Snacks (healthy & not-so healthy) - protein bars, with the occasional vegan cookie or popcorn.
What is your favorite source of:
Protein - on top of getting as much as I can from actual whole foods I make a blend of protein powders with almond milk, hemp, soy, pea, potato and the Plant Fusion brand I like.
Calcium - I get it from a balanced whole food diet mainly dark leafy greens
Iron - I eat kale everyday
What food gives you the most energy?
Carbohydrates and foods with a low glycemic index. I also like the Vega sports pre and post work drinks.
Do you take any supplements?
I take 40 to 50 grams or a protein shake 4-5 times a day. I also use Creatine, B12 under the tongue supplement, a multi vitamin, MSN, Glutamine, ZMA and protein bars.
What is your top tip for:
Gaining muscle - Lift weights with less repetitions and more weight. Understand which exercises are better to build bulk and which are better for definition. For example, close grip bench press will do more for your triceps that a finishing movement like dumbbell kickbacks. Eat more and supplement your diet with more protein daily equal to your body weight (if you weigh 200lbs then consume 200 grams of protein daily) 4 or 5 shakes a day should do it.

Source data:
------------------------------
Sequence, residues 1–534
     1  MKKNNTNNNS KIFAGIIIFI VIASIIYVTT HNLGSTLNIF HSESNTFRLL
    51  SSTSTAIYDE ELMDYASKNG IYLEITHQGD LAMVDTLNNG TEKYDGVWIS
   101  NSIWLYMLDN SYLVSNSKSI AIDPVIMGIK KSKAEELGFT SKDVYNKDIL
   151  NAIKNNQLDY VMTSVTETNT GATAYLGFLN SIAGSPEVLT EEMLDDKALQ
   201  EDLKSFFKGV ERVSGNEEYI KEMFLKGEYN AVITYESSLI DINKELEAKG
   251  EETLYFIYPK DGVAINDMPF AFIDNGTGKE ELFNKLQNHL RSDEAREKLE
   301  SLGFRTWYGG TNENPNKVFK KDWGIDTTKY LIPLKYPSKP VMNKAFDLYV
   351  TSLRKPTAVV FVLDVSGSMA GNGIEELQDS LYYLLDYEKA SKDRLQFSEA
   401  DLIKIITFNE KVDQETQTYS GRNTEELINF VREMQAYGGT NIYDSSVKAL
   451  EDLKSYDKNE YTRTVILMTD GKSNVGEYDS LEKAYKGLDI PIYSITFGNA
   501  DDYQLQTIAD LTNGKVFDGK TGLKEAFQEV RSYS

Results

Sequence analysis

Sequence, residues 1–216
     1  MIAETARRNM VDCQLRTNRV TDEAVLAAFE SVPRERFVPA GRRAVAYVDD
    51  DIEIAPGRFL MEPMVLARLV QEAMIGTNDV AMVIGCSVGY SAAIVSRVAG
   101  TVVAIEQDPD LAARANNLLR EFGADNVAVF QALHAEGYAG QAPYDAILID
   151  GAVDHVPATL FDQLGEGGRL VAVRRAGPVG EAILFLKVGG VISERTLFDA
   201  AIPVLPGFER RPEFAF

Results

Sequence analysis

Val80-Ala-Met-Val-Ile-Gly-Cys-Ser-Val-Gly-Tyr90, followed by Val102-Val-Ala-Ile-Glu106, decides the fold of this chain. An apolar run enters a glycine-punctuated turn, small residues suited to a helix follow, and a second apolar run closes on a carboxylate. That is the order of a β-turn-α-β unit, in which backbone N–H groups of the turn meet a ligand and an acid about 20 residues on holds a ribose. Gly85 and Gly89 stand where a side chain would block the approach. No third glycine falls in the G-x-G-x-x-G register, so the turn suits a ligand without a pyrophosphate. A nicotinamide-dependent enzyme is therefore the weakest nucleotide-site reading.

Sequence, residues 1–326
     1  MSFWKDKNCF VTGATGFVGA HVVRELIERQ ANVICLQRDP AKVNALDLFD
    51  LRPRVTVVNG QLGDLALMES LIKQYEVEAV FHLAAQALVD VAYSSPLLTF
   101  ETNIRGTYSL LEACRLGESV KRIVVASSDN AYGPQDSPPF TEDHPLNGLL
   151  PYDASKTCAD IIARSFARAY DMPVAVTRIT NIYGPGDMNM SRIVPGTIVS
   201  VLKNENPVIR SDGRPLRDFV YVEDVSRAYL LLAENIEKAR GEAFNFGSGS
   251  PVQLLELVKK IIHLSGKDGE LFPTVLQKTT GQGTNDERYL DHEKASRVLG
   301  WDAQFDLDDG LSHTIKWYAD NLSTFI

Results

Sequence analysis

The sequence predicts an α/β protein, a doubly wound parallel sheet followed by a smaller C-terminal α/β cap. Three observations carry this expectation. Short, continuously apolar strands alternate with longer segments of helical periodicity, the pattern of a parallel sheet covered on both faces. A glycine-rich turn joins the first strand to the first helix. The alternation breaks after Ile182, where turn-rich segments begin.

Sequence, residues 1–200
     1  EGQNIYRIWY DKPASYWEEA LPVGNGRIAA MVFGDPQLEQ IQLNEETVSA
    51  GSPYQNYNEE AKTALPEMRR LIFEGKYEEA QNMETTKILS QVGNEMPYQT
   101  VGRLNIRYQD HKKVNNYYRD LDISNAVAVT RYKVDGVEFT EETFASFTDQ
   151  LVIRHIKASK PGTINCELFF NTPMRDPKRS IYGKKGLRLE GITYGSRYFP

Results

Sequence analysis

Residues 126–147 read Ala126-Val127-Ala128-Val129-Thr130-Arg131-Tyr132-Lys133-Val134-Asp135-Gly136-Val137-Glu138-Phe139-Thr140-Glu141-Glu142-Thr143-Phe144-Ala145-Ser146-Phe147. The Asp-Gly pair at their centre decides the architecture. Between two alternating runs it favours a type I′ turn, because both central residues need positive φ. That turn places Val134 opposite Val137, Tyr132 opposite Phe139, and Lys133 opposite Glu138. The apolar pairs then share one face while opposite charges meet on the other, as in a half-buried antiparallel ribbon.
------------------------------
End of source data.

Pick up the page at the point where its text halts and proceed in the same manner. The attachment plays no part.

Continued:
Losing weight - Less calories, cut out the sugars and processed foods, cardio daily.
Maintaining weight - Once you figure out the right nutritional and exercise balance and reach a weight you’re comfortable with, be consistent with your diet and training.
Improving metabolism - Learn about your active and resting heart rate and your aerobic threshold, make sure your diet is alkaline, read “Thrive” - a great book on vegan fitness.
Toning up - Diet, cut the sugars and fats, do a combination of cardio and strength training and plenty of abs work.
How do you promote veganism in your daily life?
As a vegan, everything we do and say is a reflection of each other. I personally try daily whenever the opportunity arises to engage people to make them think and question why I do and say the things I say. I think that every time someone ask a question or even makes a stupid question it’s an opportunity to give them something to think about. It’s learning how best to respond that takes time, but once you are able to, you may someday help them see through the matrix of carnism and help them see that all species deserve a life just like you and I.
How would you suggest people get involved in what you do?
and I can connect you with someone in your area or if you live in the San Francisco Bay area take a look at my websites www.sfgoju.com
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The Book is Coming Soon!
Published: 15 May 2014